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Posted at: Feb 11, 2018, 12:54 AM; last updated: Feb 11, 2018, 12:54 AM (IST)BOOK REVIEW: WHY I AM A HINDU BY SHASHI THAROOR.

Understanding shades of Hinduism

As a practicing Hindu, Tharoor rightly points out that as opposed to the essence of Hinduism, “Hindutva is an outward-directed concept, aimed at creating social and cultural distinctions for political purposes”

Ashok Vohra

Before one asks the question ‘Why I am a Hindu?’, one needs to answer the question ‘Who is a Hindu?’ Because of pervasive multiple practices and beliefs it is difficult, if not impossible, to answer the latter question. 

According to Vishnupurana, a Hindu is one who lives in the geographical region called Bharata — the area which is to the north of the sea and extends up to the Himalayas. The Persians referred to it for the people living in the geographical region lying on the other side, that is, the Eastern side of the River Sindhu. Hindus themselves called their religion Sanatan Dharma or Vedic dharma.

 A Hindu has no set practices or rituals or a specific God or a prescribed sacred book. It does not list dos and don’ts. Being essentially pantheistic, one can believe in any one of the plethora of gods and goddesses;  so much so that one may not even believe in any God or supreme being, that is like the Carvakas, Mimamskas, Jains and Buddhists be an atheist,  and yet be a Hindu. 

One may be a vegetarian or non-vegetarian, or like an aghori be omnivorous, eating even human excreta, and still be a Hindu. There is no definite stipulated ritual in it. One may go to a temple for prayers once a day or week or month or year, twice or multiple times in a day, or never visit a temple. Likewise, one may keep a fast daily, once a week or fortnight, or on special occasions, or never keep a fast and yet be a Hindu. It is because of such an amorphous characteristic that defining Hinduism continues to be an enigma. Moreover, Hinduism is not a fossil, but an evolving religion. It adapts to the changing needs of the time.  

While the import of almost all other religions can be gathered from an understanding of its scriptures and practices, “the key to understanding Hinduism is that it is one faith that claims no monopoly on the Truth. Hindus understand  that  theirs may not necessarily be the only path that leads to salvation; they are taught to respect all other paths that seek the truth, knowing  that these will vary  depending on the circumstances of each individual’s life, the culture in which they are born or live, their values and motivations” ( p. 32-33). 

After explaining the central doctrine of Hinduism from the classical sources like the Vedas, the Upanishads and the Puranas, Buddhism and Jainism, the medieval philosophers like Adi Shankaracharya, Ramanuja, et al, Tharoor successfully tries to understand it from the explanations of modern thinkers like Raja Ram Mohan Roy, Swami Dayanand, Vivekananda and the contemporary scholars like S. Radhakrishnan, Narayana Guru, Ramana Maharshi, Sri Aurobindo and Mahatma Gandhi. Each one of them agrees that the quintessence of Hinduism is that it is “an inward directed faith, focusing on Self-realisation above all and the union of the (individual) soul with the Absolute” (p. 197).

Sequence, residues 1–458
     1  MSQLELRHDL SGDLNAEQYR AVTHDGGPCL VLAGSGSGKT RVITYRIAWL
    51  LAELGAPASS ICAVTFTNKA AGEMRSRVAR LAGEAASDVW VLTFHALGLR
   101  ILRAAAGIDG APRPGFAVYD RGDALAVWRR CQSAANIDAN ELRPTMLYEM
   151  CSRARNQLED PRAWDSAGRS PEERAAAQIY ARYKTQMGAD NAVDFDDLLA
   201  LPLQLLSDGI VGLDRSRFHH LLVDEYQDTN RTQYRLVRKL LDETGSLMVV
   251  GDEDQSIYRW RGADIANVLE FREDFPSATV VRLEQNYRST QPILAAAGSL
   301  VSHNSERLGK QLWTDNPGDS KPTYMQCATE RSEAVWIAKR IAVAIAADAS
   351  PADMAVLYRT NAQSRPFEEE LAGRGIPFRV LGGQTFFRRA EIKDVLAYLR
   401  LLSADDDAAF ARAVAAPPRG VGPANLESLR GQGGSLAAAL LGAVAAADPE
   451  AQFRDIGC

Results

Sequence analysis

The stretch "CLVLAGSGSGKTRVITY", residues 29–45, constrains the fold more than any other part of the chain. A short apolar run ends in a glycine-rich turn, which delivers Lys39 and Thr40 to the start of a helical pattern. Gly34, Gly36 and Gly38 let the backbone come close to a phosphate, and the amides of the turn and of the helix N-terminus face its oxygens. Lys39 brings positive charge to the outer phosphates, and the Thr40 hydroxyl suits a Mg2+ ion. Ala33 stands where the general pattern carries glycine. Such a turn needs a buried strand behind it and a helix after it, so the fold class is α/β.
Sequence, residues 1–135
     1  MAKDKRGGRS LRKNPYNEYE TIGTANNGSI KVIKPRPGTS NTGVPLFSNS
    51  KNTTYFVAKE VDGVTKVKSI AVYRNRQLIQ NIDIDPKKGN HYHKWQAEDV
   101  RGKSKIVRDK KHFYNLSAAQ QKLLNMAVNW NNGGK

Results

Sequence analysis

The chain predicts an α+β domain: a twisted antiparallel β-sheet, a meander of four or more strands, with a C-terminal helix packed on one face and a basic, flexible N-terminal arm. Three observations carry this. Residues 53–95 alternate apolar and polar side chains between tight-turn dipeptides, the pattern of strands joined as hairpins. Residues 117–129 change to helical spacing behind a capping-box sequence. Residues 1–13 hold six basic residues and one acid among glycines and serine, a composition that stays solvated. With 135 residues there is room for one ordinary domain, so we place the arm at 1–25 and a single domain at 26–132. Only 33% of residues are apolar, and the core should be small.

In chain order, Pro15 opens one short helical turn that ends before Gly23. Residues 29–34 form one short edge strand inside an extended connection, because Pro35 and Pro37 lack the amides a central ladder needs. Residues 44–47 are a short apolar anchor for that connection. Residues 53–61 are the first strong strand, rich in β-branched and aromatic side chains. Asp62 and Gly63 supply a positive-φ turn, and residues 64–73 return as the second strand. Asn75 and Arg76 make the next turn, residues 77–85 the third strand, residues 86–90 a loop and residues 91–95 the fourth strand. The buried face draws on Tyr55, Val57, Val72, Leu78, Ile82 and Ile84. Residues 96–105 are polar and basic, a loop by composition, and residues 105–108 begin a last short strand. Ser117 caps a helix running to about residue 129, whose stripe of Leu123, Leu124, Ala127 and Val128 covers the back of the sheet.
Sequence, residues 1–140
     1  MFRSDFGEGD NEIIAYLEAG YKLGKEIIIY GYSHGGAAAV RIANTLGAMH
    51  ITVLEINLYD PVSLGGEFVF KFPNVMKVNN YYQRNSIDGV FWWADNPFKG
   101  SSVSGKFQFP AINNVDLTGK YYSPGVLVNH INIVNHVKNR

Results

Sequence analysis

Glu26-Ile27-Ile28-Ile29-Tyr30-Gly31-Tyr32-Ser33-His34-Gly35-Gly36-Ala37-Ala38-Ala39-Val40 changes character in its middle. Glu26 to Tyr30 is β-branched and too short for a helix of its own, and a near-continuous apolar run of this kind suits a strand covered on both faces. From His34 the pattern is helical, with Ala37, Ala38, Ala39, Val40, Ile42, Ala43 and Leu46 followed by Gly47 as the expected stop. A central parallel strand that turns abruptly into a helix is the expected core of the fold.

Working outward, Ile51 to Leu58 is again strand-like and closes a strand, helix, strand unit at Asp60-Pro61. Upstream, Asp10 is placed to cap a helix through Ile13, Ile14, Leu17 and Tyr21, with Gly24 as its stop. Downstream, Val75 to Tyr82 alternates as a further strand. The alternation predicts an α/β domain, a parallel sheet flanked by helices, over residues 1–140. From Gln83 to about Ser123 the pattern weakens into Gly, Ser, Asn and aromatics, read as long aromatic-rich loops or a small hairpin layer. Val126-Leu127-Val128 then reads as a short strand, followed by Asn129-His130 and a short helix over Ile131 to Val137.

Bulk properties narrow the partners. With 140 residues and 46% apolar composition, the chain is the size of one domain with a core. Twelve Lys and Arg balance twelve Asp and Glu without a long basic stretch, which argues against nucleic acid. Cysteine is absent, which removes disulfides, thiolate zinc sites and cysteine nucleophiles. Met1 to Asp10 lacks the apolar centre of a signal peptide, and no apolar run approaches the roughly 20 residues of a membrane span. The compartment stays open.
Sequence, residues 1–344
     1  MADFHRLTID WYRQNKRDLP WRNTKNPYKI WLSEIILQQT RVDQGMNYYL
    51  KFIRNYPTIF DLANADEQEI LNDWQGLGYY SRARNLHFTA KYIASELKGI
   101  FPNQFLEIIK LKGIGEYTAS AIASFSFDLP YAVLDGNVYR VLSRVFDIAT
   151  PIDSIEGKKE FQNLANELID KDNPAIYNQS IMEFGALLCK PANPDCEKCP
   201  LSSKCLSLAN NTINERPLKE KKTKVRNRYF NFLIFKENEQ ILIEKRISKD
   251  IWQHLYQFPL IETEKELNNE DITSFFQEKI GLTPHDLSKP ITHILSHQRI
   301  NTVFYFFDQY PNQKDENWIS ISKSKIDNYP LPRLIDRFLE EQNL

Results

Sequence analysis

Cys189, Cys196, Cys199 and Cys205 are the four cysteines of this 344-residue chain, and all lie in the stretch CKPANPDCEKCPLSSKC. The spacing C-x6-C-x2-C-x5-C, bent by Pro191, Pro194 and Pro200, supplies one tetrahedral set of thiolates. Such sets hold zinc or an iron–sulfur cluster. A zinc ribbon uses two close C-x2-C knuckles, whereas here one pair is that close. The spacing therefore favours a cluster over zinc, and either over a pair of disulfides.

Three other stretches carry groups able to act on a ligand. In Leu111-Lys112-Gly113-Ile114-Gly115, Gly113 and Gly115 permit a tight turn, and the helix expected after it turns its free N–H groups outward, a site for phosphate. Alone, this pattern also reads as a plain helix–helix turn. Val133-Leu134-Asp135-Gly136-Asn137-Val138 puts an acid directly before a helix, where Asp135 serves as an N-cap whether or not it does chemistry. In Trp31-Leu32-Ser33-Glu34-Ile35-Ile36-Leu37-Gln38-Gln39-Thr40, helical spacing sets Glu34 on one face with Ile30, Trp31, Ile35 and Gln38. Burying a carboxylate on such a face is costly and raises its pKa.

In the section on Political Hinduism, Tharoor discusses the alternative interpretation of Hinduism as propounded by Savarkar, Golwalkar, and as explicated by Deen Dayal Upadhyaya. All of them believed in the supremacy and glory of ancient India — Bharat. They propounded the concept of nation state but censured the notion of territorial nationalism which confers ‘Indianhood’ on everyone living in the geographical region of India. According to them only those who belonged to ‘Hindutva’ a doctrine according to which inter alia those who belonged to a religion of Indian origin alone should be called Indians. 

In addition, Golwalkar and Upadhyaya advocated re-writing of the Indian Constitution. They rejected the present ‘cumbersome Constitution’ which is based only on the Western concepts like ‘individualism, democracy, socialism, communism or capitalism’. It does not take into account the distinctive Indian ethos as stated in Manusmriti and other Indian classics. Tharoor leaves this discussion with the question: “Will constitutionalism tame Hindutva, or will Hindutva transform the working of the constitution?” (p. 188)

Criticising ‘Hindutva’ and ‘Hindutvavadis’, Tharoor as a practicing Hindu, rightly points out that as opposed to the essence of Hinduism, “Hindutva is an outward-directed concept, aimed at creating social and cultural distinctions for political purposes”.

After reading the book one wonders whether India shall continue to be pluralistic where, as the Kurma Purana (c. 500-800) says, ‘Women and men in . . . belong to many different classes, worship many different deities, and practice many different rites’ or rupture that tradition and follow the doctrine of Hindutva. 

Tharoor’s book is a must read for everyone, especially in the contemporary times. Tharoor’s narrative is lucid, factual and direct; his arguments have the courage of conviction and demonstrate his vast knowledge of the Indian reality.

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